As no referendum has been held on the name changes in Tarusa, both those in favor and those against say most locals were on their side. A recent unscientific online poll on the issue showed that the vote was roughly split evenly amongst those who participated.

Some of the town’s more senior residents who spoke to The Moscow Times echoed Zyuganov’s sentiments.

Afghan war veteran Ivan Kuzenkov said he felt his war efforts were being erased. He also expressed worry that community funds were being misdirected.

“We spent money on this when we no longer have a public banya in the town,” Kuzenkov said, referring to the traditional Russian communal bathhouse. 

Others, like Anastasia Zubaleyeva, a barista at a local coffee shop, said she did not care about the changes as long as they would not cost her anything.

Tarusian officials have said that a few local businessmen have covered the 300,000 ruble ($3,900) cost of changing the street signs, and stress that all of the administrative issues that come with the new names will be handled cost-free by the local government.

Tarusa’s town council voted to replace the Soviet-era names of 15 streets with pre-revolutionary names. Pjotr Sauer/ MT

Tarusa’s picturesque setting on the banks of the Oka River has made it a haven for Russian writers and over the years, including the renowned Soviet writer Konstantin Paustovsky and poet Marina Tsvetaeva. 

It also became the place where many dissidents and people repressed by the Soviet authorities settled.

To this day, many of the dachas, or country houses, dotted along the river are occupied by cultural figures.

Unsurprisingly, the liberal-minded local intelligentsia have welcomed the name change.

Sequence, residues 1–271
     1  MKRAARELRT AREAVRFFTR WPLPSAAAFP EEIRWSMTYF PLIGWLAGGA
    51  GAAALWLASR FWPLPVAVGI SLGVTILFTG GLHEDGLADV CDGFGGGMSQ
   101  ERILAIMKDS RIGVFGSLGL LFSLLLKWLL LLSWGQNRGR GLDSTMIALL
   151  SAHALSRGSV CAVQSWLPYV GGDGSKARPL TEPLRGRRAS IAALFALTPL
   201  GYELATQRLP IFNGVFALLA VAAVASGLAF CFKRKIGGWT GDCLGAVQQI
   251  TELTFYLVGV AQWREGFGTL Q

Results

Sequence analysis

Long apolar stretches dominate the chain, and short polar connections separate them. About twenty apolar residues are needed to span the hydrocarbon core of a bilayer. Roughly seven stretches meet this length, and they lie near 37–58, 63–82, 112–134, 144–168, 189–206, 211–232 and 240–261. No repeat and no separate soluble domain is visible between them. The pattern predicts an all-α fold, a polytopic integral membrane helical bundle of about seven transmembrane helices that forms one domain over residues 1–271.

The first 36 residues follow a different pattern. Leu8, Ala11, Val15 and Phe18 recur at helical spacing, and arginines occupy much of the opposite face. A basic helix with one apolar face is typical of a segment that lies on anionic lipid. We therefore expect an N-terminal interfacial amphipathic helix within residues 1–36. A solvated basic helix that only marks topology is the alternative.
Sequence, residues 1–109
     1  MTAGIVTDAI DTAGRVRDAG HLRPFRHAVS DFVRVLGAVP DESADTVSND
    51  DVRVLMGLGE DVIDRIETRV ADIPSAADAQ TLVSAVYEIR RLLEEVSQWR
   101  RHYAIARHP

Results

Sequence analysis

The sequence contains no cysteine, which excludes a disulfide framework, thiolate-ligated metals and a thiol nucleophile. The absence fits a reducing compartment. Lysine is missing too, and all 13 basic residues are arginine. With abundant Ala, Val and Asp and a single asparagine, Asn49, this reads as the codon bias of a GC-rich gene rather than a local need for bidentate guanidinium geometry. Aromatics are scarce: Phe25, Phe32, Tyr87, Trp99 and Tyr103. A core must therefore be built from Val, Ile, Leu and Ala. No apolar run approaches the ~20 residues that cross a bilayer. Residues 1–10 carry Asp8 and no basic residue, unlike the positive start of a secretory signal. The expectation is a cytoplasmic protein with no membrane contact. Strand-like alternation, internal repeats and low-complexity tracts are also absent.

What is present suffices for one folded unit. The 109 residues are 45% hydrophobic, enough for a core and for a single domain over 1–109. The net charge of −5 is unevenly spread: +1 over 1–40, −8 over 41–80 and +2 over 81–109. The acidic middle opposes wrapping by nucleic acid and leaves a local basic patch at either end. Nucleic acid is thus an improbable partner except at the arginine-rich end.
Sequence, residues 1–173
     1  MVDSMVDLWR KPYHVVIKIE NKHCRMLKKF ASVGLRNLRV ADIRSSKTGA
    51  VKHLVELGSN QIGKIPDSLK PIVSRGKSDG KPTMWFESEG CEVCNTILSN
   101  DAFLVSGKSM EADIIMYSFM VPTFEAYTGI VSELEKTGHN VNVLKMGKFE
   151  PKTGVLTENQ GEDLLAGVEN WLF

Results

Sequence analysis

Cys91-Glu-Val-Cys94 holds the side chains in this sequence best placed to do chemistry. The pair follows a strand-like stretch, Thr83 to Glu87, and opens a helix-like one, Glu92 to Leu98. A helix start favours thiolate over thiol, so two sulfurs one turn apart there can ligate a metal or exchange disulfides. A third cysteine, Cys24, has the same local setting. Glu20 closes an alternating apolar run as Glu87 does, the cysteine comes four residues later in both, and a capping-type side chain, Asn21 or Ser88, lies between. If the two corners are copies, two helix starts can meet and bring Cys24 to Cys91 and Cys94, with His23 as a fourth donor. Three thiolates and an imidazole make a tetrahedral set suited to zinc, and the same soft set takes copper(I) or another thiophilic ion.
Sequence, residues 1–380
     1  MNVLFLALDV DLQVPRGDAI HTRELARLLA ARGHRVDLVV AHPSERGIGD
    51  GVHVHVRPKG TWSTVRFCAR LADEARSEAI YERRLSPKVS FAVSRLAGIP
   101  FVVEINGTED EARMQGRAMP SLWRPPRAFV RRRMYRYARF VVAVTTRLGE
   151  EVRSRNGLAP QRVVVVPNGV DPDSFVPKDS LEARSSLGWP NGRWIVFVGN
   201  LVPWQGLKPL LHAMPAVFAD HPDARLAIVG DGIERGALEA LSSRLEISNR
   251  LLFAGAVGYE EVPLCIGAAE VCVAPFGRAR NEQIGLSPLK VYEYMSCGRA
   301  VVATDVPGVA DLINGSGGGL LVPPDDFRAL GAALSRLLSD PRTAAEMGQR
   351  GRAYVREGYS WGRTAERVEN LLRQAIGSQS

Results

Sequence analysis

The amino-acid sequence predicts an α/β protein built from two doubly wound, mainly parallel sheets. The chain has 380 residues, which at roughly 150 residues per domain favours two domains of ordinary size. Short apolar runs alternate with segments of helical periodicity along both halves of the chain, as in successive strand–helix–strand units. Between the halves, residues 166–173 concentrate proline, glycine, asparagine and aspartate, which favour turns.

“This is a rare example of officials actually doing something positive for us on their own initiative. I am glad it finally happened,” said Maxim Osipov, a writer and cardiologist who was recently profiled in The New Yorker magazine.

“If it was up to me, I would remove the statue of Lenin as well,” he added.

Osipov said that those in favor of the new names included an unlikely mix of local liberal artists, Orthodox clergy and right-leaning conservatives and monarchists.

Pointing to the variety of views on the topic, deputies Manakov and Yelizarov said they could not listen to everyone’s opinion, and decided to push through the changes, given their mandate as elected officials. 

They added that there was little discussion within their constituency about the decision to change the street names and said they believe much of the discontent is rooted in that.

“Those who aren’t happy with the changes are just angry they weren’t consulted,” Yelizarov said.

Tarusa’s picturesque setting on the banks of the Oka River has made it a haven for Russian writers. Getty images

While Tarusa is erasing its communist past, other towns and cities across the country are experiencing a newfound enthusiasm for Soviet symbols and statues. 

In May, local communists in Russia’s third-largest city Novosibirsk unveiled a statue of Josef Stalin in the center of the city. And last week, St. Petersburg experienced its own signage controversy when the managers of a prominent historic apartment building in downtown St. Petersburg removed 16 plaques commemorating residents who had been arrested and killed during Stalin’s Great Terror in the 1930s. 

“What happened in Tarusa shows that not everything in this country can be painted with the same brush,” Kolesnikov said. 

“People are able to have autonomy over their own futures and pasts.”